- Tofino-bred photographer Jeremy Koreski set out to become a surf photographer, but his passion for nature has always brought him home to British Columbia. The untouched sections of forest, orca whales, salmon runs, and curling waves inspired his latest project, This is Nowhere, a collection of photographs in which Koreski reminds us that beauty exists in places we can’t easily see or access, and that it’s worth saving. Koreski has turned to Kickstarter for some help funding his book, which will be designed and printed in British Columbia. Here, Koreski shares a few of his all-time favorite images and a preview of the book.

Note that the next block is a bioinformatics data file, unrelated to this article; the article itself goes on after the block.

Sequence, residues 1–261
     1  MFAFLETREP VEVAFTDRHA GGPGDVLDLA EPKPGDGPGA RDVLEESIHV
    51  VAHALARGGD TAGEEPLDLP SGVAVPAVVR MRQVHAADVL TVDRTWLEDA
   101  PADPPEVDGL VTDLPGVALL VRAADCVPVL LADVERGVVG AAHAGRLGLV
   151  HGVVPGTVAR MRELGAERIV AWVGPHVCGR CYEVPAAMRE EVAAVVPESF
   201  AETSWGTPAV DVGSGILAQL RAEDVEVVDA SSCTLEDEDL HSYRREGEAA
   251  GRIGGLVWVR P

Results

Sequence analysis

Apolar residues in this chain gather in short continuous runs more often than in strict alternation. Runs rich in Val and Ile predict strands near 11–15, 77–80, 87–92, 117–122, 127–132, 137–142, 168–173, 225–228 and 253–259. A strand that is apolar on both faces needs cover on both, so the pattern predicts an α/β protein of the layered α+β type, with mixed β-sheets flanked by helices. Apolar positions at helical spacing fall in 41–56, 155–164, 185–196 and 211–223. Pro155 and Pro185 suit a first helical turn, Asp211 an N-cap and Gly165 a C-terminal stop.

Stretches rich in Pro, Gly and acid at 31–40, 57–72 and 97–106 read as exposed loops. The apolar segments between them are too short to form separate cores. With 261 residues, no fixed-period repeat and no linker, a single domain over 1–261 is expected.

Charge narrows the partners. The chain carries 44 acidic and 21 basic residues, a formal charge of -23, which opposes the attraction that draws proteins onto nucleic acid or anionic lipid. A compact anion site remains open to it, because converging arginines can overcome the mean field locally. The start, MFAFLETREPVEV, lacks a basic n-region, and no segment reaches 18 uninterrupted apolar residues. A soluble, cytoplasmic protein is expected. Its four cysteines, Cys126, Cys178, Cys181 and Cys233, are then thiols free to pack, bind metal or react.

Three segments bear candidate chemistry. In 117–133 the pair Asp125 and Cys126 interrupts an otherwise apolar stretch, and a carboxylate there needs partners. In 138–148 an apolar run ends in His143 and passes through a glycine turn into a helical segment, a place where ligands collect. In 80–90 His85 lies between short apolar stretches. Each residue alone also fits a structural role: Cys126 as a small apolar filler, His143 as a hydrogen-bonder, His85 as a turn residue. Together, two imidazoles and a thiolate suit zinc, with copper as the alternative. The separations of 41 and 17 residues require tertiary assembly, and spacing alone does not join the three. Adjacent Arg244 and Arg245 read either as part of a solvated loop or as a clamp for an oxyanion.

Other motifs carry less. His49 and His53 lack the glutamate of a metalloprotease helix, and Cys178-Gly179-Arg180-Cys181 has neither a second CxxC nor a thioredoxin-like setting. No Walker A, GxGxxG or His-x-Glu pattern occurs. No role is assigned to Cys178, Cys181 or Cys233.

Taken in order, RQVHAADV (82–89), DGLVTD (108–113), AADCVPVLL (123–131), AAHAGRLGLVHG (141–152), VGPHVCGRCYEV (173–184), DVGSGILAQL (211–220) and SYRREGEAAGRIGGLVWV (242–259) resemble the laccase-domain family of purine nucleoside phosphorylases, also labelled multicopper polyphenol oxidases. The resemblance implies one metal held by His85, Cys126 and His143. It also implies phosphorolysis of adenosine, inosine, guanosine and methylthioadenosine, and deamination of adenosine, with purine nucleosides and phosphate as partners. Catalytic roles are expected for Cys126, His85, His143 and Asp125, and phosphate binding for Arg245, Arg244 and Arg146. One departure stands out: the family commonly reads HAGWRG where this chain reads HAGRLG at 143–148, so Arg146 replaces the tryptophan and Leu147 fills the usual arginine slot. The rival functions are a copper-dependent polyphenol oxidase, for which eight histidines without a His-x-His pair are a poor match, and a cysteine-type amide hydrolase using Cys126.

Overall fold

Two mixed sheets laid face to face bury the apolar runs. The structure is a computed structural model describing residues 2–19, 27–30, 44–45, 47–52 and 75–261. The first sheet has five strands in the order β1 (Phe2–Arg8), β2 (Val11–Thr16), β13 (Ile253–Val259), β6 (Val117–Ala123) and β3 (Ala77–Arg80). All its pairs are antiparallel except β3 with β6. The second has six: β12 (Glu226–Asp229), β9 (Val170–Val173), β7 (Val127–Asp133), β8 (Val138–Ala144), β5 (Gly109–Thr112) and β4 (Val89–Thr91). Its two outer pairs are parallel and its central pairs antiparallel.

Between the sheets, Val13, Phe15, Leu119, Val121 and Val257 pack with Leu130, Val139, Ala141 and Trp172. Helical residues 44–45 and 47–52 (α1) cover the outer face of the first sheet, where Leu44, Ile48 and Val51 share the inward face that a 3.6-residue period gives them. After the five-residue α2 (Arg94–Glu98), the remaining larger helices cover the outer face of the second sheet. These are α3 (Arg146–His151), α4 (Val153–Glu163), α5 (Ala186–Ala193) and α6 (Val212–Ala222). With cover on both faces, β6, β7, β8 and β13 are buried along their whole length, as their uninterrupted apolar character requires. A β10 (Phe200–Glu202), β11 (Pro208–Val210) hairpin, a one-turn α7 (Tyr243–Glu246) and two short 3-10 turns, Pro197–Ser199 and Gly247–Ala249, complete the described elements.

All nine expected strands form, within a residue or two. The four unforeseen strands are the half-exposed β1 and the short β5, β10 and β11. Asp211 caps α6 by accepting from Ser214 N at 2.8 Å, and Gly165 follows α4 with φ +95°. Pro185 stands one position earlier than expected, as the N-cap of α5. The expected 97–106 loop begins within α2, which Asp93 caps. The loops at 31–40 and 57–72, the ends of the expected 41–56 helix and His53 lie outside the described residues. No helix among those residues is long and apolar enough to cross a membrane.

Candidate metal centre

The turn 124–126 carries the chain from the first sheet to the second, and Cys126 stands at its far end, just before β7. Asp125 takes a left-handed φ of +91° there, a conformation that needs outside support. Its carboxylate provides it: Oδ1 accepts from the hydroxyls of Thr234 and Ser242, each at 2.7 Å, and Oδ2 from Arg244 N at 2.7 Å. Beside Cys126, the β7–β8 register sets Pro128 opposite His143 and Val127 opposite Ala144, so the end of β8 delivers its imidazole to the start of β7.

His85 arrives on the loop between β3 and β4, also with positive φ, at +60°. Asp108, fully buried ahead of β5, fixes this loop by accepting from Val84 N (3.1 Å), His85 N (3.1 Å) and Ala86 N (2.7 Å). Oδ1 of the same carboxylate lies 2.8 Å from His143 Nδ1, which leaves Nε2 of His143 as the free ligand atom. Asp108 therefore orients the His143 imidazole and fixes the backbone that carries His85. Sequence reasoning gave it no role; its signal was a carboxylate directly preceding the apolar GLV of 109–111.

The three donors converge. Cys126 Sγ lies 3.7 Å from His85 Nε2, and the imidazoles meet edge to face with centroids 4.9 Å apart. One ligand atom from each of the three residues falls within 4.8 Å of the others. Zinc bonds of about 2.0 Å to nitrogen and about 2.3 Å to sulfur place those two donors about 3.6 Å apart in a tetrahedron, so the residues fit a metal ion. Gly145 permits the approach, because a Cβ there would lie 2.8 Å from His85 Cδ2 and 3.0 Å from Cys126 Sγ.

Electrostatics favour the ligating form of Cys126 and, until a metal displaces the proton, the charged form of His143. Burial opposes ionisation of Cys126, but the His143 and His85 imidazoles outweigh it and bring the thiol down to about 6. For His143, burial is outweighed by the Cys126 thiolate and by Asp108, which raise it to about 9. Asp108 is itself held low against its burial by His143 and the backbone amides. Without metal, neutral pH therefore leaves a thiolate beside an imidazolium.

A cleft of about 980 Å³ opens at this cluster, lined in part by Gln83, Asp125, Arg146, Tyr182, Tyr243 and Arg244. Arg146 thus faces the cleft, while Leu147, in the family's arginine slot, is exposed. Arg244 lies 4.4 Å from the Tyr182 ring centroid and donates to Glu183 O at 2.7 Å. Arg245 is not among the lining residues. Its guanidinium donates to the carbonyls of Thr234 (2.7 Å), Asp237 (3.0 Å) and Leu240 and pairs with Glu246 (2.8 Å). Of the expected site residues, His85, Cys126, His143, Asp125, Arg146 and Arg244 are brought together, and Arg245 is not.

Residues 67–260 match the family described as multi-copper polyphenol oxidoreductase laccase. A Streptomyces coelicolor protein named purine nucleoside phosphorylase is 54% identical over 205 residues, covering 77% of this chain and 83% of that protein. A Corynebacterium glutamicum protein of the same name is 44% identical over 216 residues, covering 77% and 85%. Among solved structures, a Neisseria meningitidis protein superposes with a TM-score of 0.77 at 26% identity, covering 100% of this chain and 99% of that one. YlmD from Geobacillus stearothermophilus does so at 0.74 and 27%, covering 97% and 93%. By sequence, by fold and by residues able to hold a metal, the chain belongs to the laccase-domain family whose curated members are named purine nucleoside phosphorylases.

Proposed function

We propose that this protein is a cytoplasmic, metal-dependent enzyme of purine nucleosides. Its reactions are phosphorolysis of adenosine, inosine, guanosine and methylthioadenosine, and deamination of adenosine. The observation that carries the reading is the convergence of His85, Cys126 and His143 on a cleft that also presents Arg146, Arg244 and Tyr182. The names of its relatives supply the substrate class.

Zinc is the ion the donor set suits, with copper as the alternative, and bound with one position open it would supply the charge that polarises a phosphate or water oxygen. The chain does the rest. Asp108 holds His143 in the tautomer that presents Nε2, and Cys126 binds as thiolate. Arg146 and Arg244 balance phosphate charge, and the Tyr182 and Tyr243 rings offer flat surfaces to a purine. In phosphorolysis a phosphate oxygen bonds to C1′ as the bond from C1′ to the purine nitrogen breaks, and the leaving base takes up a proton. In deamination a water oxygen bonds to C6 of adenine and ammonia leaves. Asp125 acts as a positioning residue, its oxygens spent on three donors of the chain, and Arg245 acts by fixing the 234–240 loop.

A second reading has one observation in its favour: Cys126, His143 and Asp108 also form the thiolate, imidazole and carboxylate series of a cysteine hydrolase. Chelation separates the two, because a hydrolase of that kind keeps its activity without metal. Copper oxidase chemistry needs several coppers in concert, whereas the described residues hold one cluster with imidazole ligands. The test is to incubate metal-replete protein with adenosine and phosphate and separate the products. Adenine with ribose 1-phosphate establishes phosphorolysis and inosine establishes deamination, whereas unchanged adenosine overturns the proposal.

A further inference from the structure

Koreski: This image was about being in the right place at the right time. I was coming back into Tofino in a boat and stopped by a bald eagle's nest on a little islet in the harbor. I saw two crows dive-bombing this male eagle—they even hit him a few times. He got fed up, and started to fight back.When almost 200 white-sided dolphins surrounded our boat near Tofino, I jumped in with my camera and spent the next 45 minutes laughing and photographing them as they swam around me within arm's reach. The more excited and active I got, the more they seemed to interact with me.My friend Matahil Lawson grew up on a tiny island just west of Tofino. He and his family have always had a deep respect for the environment, and they're people I've always been inspired by. Here, Matahil is holding a urchin he collected on the Central Coast of B.C. You can eat their meat raw: it’s delicious.I get asked about the location of this image all the time. This one spot, however, I’ll never give away.As soon as my friend Blake Klopfenstein hooked this Chinook salmon, I started putting my wetsuit on and getting my camera housing ready. After he'd fought the fish for 15 minutes or so, I jumped in the water and was able to fire off a couple of frames as it swam by.Somewhere around 75 percent of the old-growth forests on Vancouver Island have been cut down, including almost all of the most productive fir forest.I'm always looking for new ways to photograph surfing, and lately that's meant hanging out of a helicopter looking straight down on the subject. This is Peter Devries bottom-turning on a wave near Tofino.Pacific white-sided dolphins always seem to be having fun. This one was out in front of his pod, and he jumped over and over again while we headed south by boat through the Broughton Archipelago.This a school of pink salmon getting ready to spawn in a river on the Central Coast of B.C. Looking straight down from 300 feet up is a pretty cool perspective.It rarely snows in Tofino, but when it does it's usually thick and heavy. Here, my friend Raph Bruhwiler walks out to go surfing at one of our local beaches. Walking to the beach and shooting this day was much colder than actually being in the water, which stays at around 50 degrees even in the winter.A playful orca on a serene day. I'm from the west side of Vancouver Island, and in the summer the wind off the ocean generally keeps it a lot cooler here than it is on the eastern side. It's much more protected on the east, and with the heat and calm water you can have some pretty magical days.This is a parr steelhead that was swimming in a small Vancouver Island river where I was taking underwater photos last summer. The water was so calm that the bottom of the river was perfectly reflected in the surface.